Original Article
Copyright ©2014 Baishideng Publishing Group Co., Limited. All rights reserved.
World J Hepatol. Apr 27, 2014; 6(4): 230-242
Published online Apr 27, 2014. doi: 10.4254/wjh.v6.i4.230
Melatonin attenuates cisplatin-induced HepG2 cell death via the regulation of mTOR and ERCC1 expressions
Kangsadarn Bennukul, Sucha Numkliang, Vijittra Leardkamolkarn
Kangsadarn Bennukul, Sucha Numkliang, Toxicology Graduate Programme, Faculty of Science, Mahidol University, Bangkok 10400, Thailand
Vijittra Leardkamolkarn, Department of Anatomy, Faculty of Science, Mahidol University, Bangkok 10400, Thailand
Vijittra Leardkamolkarn, Center of Excellence on Environmental Health and Toxicology, Mahidol University, Bangkok 10400, Thailand
Author contributions: Bennukul K and Leardkamolkarn V contributed to experimental design, coordinate the study, interpret the data, writing and revising the manuscript; Numkliang S performed an immunocytochemistry experiment.
Supported by Center of Excellence on Environmental Health and Toxicology, Science and Technology Postgraduate Education and Research Development Office, Thailand Ministry of Education
Correspondence to: Vijittra Leardkamolkarn, PhD, Associate Professor, Department of Anatomy, Faculty of Science, Mahidol University, Rama VI Road, Bangkok 10400, Thailand. vijittra.lea@mahidol.ac.th
Telephone: +66-2-2015402 Fax: +66-2-3547168
Received: October 25, 2013
Revised: January 9, 2014
Accepted: April 3, 2014
Published online: April 27, 2014

AIM: To elucidate the effects of melatonin on cisplatin-induced hepatocellular carcinoma (HepG2) cell death and to identify potential cross-talk pathways.

METHODS: Hepatocellular carcinoma HepG2 cells were treated with melatonin and/or cisplatin for 24 to 48 h. Cell viability and the 50% cytotoxic concentration (CC50) were calculated by MTT assays. The effects and intracellular events induced by the selected concentrations of melatonin (1 mmol/L) and cisplatin (20 μmol/L) were investigated. Cell death and survival detection were primarily evaluated using a fluorescence microscope to assess 4',6 diamideno-2-phenylindol DNA staining and acridine orange lysosome staining and then further analyzed with immunocytochemistry using an anti-LC3 antibody. The potential molecular responses mediated by melatonin against cisplatin after the combined treatment were investigated by reverse transcription-polymerase chains reaction and Western blot analyses of the genes and proteins associated with cell survival and death. A cell cycle analysis was performed using a flow cytometry assay.

RESULTS: Melatonin had a concentration-dependent effect on HepG2 cell viability. At 1 mmol/L, melatonin significantly increased the cell viability percentage and decreased reactive oxygen species production due to cisplatin. Melatonin reduced cisplatin-induced cell death, decreasing phosphorylated p53 apoptotic protein, cleaved caspase 3 and Bax levels but increasing anti-apoptotic Bcl-2 gene and protein expression. When combined with cisplatin, melatonin induced S phase (DNA synthesis) cell cycle arrest and promoted autophagic events in HepG2 cells. Melatonin also had a concentration-dependent effect on Beclin-1 and its autophagic regulator mammalian target of rapamycin (mTOR) as well as the DNA excision repair cross complementary 1 (ERCC1) protein. The expression levels of these proteins were altered in HepG2 cells during cisplatin or melatonin treatment alone. In the combination treatment, melatonin reversed the effects of cisplatin by suppressing the over-expression of mTOR and ERCC 1 and enhancing the expression levels of Beclin-1 and microtubule-associated protein-light chain3-II, leading to intracellular autophagosome progression.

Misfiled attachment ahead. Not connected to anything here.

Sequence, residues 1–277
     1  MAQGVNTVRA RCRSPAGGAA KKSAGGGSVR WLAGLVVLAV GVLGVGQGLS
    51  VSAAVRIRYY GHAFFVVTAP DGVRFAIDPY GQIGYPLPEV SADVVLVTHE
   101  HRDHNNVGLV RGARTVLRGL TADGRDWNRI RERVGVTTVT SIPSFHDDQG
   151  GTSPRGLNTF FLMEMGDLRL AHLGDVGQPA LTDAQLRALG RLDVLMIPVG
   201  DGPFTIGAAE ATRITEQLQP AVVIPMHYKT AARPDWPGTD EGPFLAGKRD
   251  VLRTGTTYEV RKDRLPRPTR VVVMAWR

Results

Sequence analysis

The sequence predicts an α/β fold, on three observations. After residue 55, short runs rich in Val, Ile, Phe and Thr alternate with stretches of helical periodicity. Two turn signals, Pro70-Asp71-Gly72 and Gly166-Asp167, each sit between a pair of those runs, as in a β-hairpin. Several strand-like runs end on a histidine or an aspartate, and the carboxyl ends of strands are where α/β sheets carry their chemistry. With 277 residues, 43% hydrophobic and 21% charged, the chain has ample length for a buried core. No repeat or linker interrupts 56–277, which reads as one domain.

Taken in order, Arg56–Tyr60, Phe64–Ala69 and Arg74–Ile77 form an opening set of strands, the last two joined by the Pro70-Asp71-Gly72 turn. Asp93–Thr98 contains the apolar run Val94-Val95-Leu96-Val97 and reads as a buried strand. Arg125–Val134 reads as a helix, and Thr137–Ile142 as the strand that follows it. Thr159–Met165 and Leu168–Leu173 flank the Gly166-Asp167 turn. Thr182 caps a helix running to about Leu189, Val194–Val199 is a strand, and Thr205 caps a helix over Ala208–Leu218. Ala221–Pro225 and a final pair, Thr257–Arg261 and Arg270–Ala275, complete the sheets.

CONCLUSION: Melatonin attenuated cisplatin-induced cell death in HepG2 cells via a counter-balance between the roles of apoptotic- and autophagy-related proteins.

Keywords: Melatonin, Cisplatin, Hepatocellular carcinoma, Excision repair cross complementary 1, Mammalian target of rapamycin, Autophagy

Core tip: Melatonin has anti-oxidative stress and anti-proliferative effects on cisplatin-treated hepatocellular carcinoma cells through a counter-balance between the roles of apoptosis and autophagy proteins. Melatonin also reduced cisplatin-induced DNA damage by decreasing the activation of excision repair cross complementary 1 in the DNA repair system. Thus, co-treatment with melatonin to ameliorate cisplatin adverse effects might be beneficial for Hepatocellular carcinoma therapy.